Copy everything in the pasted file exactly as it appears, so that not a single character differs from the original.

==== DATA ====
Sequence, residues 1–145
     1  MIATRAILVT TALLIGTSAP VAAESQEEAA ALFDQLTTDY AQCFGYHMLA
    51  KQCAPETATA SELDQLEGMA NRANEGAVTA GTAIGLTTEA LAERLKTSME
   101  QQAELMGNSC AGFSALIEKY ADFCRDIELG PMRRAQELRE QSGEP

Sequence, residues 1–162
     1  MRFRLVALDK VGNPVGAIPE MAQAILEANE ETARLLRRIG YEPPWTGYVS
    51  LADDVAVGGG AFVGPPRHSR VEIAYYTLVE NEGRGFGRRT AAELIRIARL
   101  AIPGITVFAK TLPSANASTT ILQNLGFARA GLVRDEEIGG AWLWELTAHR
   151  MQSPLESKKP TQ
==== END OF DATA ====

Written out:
Sequence, residues 1–145
     1  MIATRAILVT TALLIGTSAP VAAESQEEAA ALFDQLTTDY AQCFGYHMLA
    51  KQCAPETATA SELDQLEGMA NRANEGAVTA GTAIGLTTEA LAERLKTSME
   101  QQAELMGNSC AGFSALIEKY ADFCRDIELG PMRRAQELRE QSGEP

Sequence, residues 1–162
     1  MRFRLVALDK VGNPVGAIPE MAQAILEANE ETARLLRRIG YEPPWTGYVS
    51  LADDVAVGGG AFVGPPRHSR VEIAYYTLVE NEGRGFGRRT AAELIRIARL
   101  AIPGITVFAK TLPSANASTT ILQNLGFARA GLVRDEEIGG AWLWELTAHR
   151  MQSPLESKKP TQ